There are, however, a number of places where remnants of that civilization can still be seen:  Honduras, Guatemala, El Salvador and especially in the Yucatán peninsula of Mexico.  Perhaps the best-known is Chichén Itzá, a UNESCO World Heritage Site in southeastern Mexico.

For a lot of tourists, it’s a day trip from the beaches of Cancun — a bus ride of a little over a hundred miles.  That’s how we got there, and after fighting our way through souvenir salesmen near the entrance, we had a look around what had once been a good-sized city.

There’s a domed building, called El Caracol (the snail), which appears to have once been an observatory.  A raised platform with the remnants of pillars is known as the Temple of Warriors.

Another impressive structure is the Great Ball Court; stone walls enclose a field that is over 500 feet long and 200 feet wide.  Carved into the stone are images of feathered serpents, and of a guy who has recently had his head severed.

That seems to be related to the outcome of the games that were once played on this field.  When a team finally succeeded in getting a ball to go through a stone hoop mounted about 30 feet above the playing surface, the captain of the winning team was decapitated as a sacrifice to the gods.  He didn’t even get doused with Gatorade first.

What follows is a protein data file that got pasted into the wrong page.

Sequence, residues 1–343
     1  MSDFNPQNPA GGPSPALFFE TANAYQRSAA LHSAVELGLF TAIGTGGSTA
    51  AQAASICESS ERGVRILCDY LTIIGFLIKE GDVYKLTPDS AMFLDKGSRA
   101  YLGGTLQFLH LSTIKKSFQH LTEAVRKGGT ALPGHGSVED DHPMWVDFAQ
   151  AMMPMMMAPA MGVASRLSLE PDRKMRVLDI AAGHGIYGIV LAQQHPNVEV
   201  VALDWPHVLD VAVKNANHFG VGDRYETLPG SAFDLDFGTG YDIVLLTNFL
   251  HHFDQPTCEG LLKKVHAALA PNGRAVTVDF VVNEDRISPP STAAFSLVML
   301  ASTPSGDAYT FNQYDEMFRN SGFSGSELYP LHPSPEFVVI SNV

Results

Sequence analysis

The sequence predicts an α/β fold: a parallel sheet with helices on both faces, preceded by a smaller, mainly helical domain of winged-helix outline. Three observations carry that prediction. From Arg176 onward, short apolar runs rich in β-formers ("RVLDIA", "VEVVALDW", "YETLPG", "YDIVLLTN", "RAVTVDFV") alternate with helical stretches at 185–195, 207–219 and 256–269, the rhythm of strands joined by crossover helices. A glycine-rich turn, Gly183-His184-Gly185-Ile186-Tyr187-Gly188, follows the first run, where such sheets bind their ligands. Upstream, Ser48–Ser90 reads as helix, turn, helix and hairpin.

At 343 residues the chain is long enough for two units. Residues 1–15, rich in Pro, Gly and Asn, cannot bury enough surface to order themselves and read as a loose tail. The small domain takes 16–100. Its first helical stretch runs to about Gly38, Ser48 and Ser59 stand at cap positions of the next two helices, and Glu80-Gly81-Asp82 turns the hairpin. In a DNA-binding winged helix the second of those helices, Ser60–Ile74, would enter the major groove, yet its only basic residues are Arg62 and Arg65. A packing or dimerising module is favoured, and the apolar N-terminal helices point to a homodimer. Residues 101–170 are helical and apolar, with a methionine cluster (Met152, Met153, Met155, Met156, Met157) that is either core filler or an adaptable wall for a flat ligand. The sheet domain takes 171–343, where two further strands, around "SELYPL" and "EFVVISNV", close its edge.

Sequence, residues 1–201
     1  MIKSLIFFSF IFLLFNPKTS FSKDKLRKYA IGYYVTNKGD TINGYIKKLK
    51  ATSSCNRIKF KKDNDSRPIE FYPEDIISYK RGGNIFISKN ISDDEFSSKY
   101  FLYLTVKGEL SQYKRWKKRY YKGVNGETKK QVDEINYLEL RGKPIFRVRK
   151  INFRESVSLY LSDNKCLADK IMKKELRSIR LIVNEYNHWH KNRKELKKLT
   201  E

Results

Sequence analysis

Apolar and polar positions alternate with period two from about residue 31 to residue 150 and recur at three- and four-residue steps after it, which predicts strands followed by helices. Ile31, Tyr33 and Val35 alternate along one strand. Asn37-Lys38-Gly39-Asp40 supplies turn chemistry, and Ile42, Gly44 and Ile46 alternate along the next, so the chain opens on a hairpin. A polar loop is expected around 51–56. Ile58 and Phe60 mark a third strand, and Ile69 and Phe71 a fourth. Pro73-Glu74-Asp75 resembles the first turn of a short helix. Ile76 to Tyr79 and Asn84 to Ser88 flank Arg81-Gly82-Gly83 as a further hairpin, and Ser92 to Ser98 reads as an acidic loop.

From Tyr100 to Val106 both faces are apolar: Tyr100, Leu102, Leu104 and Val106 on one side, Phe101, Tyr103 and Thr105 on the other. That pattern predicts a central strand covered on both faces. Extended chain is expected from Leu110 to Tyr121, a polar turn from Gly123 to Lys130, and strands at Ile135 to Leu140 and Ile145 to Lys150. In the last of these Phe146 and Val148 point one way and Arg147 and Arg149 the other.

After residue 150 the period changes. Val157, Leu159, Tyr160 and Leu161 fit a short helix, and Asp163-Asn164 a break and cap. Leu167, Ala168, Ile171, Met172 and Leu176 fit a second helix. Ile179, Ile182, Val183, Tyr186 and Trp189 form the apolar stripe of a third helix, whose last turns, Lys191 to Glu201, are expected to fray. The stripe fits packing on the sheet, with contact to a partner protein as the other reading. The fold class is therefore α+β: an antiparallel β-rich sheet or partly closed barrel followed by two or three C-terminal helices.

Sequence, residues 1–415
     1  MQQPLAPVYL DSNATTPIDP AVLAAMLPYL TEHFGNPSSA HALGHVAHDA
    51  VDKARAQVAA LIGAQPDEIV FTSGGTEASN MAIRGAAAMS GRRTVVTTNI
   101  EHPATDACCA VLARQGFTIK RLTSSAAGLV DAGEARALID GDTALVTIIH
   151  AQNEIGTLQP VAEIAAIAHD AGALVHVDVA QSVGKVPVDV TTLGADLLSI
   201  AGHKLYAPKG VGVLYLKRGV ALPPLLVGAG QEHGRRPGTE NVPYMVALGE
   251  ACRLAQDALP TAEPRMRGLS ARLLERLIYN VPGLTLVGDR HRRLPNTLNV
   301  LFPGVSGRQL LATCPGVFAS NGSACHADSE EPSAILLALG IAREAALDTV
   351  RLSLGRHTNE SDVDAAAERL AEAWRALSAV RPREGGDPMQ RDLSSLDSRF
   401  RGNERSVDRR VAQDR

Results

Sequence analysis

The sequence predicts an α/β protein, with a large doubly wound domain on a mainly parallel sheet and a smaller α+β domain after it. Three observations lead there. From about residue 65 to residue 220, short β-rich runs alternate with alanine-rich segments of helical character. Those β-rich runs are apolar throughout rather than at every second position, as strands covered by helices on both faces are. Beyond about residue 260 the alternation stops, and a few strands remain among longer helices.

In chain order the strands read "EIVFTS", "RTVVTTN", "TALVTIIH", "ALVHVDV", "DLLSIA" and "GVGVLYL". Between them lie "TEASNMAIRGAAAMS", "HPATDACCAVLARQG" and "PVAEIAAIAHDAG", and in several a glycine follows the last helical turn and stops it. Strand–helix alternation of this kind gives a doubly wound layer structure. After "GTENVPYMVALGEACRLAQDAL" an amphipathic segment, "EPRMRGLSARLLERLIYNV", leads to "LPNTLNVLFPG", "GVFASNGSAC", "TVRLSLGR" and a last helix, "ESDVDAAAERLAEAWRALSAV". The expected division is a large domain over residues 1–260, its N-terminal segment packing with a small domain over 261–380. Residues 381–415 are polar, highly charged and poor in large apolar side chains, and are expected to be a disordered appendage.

Not far from the Ball Court is the centerpiece of Chichén Itzá, the structure that has become its iconic image.  Widely known as El Castillo, it is also called the Temple of Kukulcan in honor of the feathered-serpent deity whose likeness adorns it.

It is a step pyramid that is roughly 100 feet high; there are stone stairways on all four sides that rise at a 45° angle to a small room on top.  The climb up wasn’t too bad, but coming back down — whoa!  Take my word for it, it’s steep.  We hung on to a chain and eased our way down, but tourists are no longer permitted to climb El Castillo since one of them had a fatal fall in 2006.

The ancient Mayans seem to have had an impressive knowledge of astronomy; the pyramid is laid out so that on the spring and autumn equinoxes, a series of shadows are cast on the northwest side, giving the illusion of a serpent slithering down the staircase.  Maybe winter solstice (December 21) would be an interesting time to visit Chichén Itzá, too — especially this year.

Personally, though, I go by the calendar a local realtor sends us.  According to that, low tide will be at 11:53 a.m. on December 21st.  I like the sound of that better than “total annihilation.”